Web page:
Everybody makes out. Or at least, everyone says they make out.
If you aren't makin' out, you're missin' out, and you'd better get out and look out for someone else needin' to find out what draggin' out a wet kiss is all about. Word.
There's no music like mouth music, and apparently no better place to conduct said music than perched above the cityscape on Gold Camp Road. The view even beats the dandle-inspiring scenery of Palmer Park and the jaw-loosening awe of the Garden of the Gods spots Nos. 2 and 3 among locals, respectively, in this arena.
Which begs two hard-hitting, investigative news questions.
Just what is it exactly about overlooks that makes for sweet osculation? (Don't know the term? Guess that means you aren't gettin' any, junior. Best get crackin' on finding a dictionary and a mouth-to-mouth partner.)
And do people really inundate Gold Camp Road's turn-offs to get turned on?
As with any tantalizing query pertaining to inappropriate public behavior, I figured I'd better start with the police. That is, as they are the figures on television and in the movies who're always tapping their nightsticks on offenders' windows and running off spit-swapping teenagers. I'd never imply that the police are the ones engaging in inappropriate public behavior. Ever.
I called Lt. Skip Arms, public information officer for Colorado Springs Police Department, who greeted my queries with a laugh. (Dare I call it a guilty giggle? I do not.)
After realizing that I was not going to poll him on his personal favorite necking spots, but rather on whether he'd heard any good stories about Gold Camp Road, Arms suggested I contact the Gold Hill Division police station, whose officers patrol up to the point where the road becomes county jurisdiction. When asked if the make-out scene in the Springs poses a problem, Arms answered, "No, because it's not a crime."
A call to the Gold Hill Division desk brought me to Sgt. Mark Comte, whom I hoped could offer at least one make-out-related bust related to our reader-voted best make-out spot. But instead of providing a fulfilling anecdote, Comte dashed my hopes like one of the many dames to refuse my invitations in years past to "take a drive up Gold Camp Road ... you know, to take in the scenery."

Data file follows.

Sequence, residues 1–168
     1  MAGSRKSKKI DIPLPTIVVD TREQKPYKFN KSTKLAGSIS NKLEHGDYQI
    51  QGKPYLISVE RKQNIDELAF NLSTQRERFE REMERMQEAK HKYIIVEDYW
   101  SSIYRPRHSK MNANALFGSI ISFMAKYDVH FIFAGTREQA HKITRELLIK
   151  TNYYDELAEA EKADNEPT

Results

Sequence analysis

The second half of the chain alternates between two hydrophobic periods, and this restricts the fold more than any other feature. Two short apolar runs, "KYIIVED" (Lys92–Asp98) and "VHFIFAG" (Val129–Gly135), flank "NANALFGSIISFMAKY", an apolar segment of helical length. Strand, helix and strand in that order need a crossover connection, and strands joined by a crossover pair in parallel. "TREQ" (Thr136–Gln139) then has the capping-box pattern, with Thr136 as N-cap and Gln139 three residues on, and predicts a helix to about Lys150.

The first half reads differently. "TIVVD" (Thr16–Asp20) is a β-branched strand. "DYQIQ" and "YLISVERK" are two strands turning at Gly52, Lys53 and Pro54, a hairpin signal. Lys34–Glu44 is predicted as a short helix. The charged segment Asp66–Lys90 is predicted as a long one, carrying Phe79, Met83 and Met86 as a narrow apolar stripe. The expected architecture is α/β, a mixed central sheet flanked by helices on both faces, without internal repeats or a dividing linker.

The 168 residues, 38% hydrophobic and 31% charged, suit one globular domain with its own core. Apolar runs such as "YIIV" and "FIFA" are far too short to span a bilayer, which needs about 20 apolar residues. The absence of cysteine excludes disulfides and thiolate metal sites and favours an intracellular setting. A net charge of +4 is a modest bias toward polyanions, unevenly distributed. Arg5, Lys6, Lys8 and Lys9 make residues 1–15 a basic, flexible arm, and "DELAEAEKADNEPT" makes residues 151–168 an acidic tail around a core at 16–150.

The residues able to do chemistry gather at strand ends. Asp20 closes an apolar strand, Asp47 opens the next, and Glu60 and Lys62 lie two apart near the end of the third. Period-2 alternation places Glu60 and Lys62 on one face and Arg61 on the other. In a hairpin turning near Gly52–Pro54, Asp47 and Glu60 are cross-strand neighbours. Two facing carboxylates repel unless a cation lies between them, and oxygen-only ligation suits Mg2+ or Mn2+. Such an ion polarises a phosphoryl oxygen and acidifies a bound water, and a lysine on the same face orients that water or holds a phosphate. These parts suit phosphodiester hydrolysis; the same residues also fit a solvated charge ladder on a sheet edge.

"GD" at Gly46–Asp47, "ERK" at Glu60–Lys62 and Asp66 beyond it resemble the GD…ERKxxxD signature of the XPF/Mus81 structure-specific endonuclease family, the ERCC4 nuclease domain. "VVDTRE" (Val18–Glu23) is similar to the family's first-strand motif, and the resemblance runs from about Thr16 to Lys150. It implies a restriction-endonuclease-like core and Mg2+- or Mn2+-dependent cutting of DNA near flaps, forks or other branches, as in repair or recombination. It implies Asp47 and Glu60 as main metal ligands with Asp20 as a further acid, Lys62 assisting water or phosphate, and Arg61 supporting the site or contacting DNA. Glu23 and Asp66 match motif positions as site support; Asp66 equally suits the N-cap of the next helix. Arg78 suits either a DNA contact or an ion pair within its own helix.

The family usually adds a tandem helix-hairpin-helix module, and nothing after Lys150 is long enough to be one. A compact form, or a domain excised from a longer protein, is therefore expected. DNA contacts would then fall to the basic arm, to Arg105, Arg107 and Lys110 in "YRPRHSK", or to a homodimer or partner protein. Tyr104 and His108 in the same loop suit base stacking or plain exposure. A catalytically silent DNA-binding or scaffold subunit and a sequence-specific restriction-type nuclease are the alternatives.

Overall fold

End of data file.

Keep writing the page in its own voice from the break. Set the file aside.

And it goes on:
"We don't have the chance to get up there much," Comte said. "We're always so busy. That's probably why it's the best spot. We leave 'em alone."
Feeling defeated on my second query, I returned to the first: Why overlooks? What is it about looking down on glimmering lights that quickens the blood?
I decided to call my friend Amy Henry, who holds a master's degree from Naropa University in transpersonal psychology, with an ecopsychology concentration. Whatever she had to say would surely be fact.
Henry offered the following: "From my perspective, being in nature draws out of us an authentic and sacred sensuality. Nature allows us to access a certain rawness, a certain pure wildness that is an essential and primordial part of us. It is exciting, it is sexy, it is powerful and it is completely natural. Nature reflects to us our own naked beauty.
"One of my favorite quotes is from Bill Plotkin: 'Nature is the soul externalized.' So, it makes perfect sense to me that Independent readers would choose a natural spot like the overlooks off of Gold Camp Road as their favorite make-out spot. It is a place where heaven and Earth merge a place where lovers can commune, wild soul to wild soul."
Wrap your lips around that.